Wheaton drops student health insurance to avoid Obamacare contraception mandate

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Wheaton College in Illinois. Photo by Blanche Heidengren via Wheaton College Media Center

Wheaton College in Illinois. Photo by Blanche Heidengren via Wheaton College Media Center

CHICAGO, (Reuters) — Wheaton College, an evangelical Christian school in Illinois, will stop providing health insurance to students on Friday because of its objection to the Obamacare mandate to provide contraceptive coverage, a legal group has announced.

The decision affects about 500 of 3,000 students at the nondenominational liberal arts school — nicknamed the “evangelical Harvard” — in the Chicago suburb of Wheaton, according to the Becket Fund for Religious Liberty, a Washington-based legal group that represents the college.

Wheaton College President Philip Ryken said in a statement that the government’s insistence that the college provide insurance services that contradict its religious beliefs forced it to make this “difficult choice.”


READ: Nuns lose latest court battle to avoid contraception mandate


Colleges are not required to provide health insurance to students, but the Affordable Care Act, known as Obamacare, requires policies provided by colleges that offer insurance to cover preventive services for women, including access to contraception and sterilization.

The contraception requirement has been challenged by Wheaton College as well as religiously affiliated nonprofits and family-owned companies such as Hobby Lobby Stores.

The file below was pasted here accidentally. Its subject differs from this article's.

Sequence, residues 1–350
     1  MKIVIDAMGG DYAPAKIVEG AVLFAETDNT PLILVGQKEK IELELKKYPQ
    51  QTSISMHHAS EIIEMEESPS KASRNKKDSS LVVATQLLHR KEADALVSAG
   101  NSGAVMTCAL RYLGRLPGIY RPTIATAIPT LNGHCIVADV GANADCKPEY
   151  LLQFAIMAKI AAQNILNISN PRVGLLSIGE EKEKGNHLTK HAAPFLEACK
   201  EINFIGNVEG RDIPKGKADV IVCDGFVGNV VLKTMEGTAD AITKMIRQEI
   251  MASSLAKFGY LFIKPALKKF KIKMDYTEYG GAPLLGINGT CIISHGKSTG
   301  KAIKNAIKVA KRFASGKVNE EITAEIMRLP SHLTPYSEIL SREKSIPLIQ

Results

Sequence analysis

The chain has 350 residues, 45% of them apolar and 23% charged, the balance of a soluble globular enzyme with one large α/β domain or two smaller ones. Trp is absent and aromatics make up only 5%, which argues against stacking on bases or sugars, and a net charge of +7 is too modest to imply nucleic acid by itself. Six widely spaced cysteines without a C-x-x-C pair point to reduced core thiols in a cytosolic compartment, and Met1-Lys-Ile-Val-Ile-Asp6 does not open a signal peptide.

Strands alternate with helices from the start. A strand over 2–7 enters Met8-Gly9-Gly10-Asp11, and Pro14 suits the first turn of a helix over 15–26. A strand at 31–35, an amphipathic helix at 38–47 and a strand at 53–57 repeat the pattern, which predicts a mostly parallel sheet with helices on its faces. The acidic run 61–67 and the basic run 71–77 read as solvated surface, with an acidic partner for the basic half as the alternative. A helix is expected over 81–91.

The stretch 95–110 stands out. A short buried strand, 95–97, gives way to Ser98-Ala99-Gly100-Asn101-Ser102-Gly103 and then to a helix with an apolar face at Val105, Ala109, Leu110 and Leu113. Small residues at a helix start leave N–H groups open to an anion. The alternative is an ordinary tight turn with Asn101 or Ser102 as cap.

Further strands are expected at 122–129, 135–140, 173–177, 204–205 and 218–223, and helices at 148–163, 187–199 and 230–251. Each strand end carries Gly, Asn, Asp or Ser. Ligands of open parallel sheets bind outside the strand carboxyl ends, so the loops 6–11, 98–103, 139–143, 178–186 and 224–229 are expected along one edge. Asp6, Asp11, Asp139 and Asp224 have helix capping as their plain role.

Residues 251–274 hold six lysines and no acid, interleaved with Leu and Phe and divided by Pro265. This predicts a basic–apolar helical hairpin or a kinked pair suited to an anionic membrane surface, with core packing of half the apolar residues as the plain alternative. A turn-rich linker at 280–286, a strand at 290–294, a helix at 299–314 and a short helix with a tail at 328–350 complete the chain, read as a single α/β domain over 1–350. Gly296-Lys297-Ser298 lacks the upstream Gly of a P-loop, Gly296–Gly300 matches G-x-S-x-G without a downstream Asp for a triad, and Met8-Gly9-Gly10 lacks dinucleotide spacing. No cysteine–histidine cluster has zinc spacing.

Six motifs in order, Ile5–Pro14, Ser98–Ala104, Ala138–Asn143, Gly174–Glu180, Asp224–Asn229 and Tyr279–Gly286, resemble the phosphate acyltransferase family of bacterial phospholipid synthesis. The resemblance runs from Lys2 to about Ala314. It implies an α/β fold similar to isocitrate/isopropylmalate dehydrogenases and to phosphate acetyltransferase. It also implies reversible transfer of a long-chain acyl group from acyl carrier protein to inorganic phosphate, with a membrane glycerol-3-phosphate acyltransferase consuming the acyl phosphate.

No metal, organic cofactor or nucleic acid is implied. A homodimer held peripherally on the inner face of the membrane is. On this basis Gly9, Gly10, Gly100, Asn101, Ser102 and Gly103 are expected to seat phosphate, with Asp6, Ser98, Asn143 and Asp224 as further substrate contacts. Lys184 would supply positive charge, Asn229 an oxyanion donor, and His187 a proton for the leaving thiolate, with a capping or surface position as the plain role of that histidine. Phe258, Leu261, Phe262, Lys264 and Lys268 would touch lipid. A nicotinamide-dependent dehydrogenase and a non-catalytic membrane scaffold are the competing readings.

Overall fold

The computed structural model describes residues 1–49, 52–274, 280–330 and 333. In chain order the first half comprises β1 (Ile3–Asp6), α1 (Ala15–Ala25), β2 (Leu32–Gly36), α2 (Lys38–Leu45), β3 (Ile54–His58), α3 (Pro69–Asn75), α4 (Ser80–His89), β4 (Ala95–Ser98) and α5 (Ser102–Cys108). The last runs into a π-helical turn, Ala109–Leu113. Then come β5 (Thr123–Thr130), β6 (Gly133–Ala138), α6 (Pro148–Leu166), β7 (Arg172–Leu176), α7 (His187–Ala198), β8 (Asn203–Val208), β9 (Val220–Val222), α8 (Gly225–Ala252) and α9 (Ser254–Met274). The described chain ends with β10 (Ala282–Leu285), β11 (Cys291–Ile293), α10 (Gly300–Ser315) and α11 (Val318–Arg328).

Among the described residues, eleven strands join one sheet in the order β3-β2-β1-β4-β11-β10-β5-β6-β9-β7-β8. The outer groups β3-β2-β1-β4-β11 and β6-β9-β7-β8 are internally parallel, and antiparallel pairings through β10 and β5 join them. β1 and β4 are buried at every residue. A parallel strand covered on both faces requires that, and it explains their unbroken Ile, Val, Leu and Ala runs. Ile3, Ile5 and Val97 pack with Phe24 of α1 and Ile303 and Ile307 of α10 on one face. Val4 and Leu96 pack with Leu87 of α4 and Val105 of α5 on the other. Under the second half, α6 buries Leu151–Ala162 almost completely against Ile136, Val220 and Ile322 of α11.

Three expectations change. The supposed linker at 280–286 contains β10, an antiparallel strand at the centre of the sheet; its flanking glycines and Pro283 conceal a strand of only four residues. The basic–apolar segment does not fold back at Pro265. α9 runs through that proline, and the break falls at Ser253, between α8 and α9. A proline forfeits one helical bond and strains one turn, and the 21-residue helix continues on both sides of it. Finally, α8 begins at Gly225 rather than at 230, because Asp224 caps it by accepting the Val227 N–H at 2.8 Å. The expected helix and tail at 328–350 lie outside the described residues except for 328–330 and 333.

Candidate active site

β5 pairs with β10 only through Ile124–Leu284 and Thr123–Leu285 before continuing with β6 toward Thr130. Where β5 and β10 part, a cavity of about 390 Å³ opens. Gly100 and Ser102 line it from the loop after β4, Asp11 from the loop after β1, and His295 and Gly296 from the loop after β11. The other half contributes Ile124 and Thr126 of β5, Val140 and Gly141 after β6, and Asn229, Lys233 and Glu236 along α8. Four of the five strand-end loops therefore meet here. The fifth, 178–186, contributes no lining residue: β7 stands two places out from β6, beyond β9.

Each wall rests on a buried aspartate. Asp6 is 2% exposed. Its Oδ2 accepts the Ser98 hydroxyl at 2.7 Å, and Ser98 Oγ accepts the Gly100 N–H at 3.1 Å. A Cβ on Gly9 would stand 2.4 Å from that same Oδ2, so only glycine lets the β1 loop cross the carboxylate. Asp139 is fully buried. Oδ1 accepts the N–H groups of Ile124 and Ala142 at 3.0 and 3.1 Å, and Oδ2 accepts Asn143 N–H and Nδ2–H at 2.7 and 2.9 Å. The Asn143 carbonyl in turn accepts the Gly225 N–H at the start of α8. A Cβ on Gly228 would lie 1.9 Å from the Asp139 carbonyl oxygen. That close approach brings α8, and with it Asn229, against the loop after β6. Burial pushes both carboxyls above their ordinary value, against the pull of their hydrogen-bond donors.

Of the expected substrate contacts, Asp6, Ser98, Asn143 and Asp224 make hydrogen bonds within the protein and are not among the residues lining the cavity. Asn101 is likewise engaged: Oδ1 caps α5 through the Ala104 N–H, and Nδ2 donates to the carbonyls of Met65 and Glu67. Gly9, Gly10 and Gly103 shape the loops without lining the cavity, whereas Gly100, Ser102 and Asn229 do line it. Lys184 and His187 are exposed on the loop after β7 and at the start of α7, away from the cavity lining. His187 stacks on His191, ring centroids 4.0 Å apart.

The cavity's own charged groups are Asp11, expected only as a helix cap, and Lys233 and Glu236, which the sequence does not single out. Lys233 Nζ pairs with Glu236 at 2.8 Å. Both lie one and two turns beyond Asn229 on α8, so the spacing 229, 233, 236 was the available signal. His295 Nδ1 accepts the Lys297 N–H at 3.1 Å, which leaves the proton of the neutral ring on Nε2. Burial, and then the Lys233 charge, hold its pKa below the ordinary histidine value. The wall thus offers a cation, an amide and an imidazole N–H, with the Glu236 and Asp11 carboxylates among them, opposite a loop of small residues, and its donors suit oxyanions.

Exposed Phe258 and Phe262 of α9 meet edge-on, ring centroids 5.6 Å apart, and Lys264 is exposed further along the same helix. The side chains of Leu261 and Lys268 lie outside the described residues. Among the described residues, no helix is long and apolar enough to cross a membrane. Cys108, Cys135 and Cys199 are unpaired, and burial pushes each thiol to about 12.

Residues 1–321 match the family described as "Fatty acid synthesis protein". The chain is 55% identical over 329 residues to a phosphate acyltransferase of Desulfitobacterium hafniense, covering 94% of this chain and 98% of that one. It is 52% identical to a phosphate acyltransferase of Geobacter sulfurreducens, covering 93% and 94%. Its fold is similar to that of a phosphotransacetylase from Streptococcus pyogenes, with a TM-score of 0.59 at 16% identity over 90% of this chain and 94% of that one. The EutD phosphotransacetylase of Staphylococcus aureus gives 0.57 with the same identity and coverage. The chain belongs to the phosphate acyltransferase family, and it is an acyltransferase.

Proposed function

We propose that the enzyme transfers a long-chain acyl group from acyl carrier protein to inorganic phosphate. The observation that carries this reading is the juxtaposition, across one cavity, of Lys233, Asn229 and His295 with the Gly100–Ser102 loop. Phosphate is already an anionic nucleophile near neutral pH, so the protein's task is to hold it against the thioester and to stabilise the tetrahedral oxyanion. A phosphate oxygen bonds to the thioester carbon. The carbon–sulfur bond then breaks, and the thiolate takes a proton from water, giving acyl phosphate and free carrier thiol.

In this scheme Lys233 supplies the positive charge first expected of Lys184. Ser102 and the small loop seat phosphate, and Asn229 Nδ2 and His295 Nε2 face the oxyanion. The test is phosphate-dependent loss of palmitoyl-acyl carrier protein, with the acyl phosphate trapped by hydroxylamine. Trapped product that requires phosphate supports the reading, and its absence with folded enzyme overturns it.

The devout Christian owners of Hobby Lobby, a craft store chain, objected to four of the 20 federally approved contraceptive medications and devices that would be required under the health care law. It provided, and continues to offer birth control pill through its insurance coverage after winning an exemption for small family owned corporations in a Supreme Court decision.


READ: Hobby Lobby’s Steve Green stands on faith against Obamacare mandate


Wheaton objects to the same four forms of contraception — so-called “morning-after” pills and intrauterine devices that prevent a fertilized egg from attaching to the uterus, according to the Becket Fund, which also represented Hobby Lobby.

A government provision would require the college to notify the government that it wanted to opt out by claiming a religious exemption, which would cause the college’s insurers to provide coverage directly to students.

Wheaton objected to the provision, which would allow the government to use the college’s health plans to get around its religious opposition, said Becket attorney Mark Rienzi.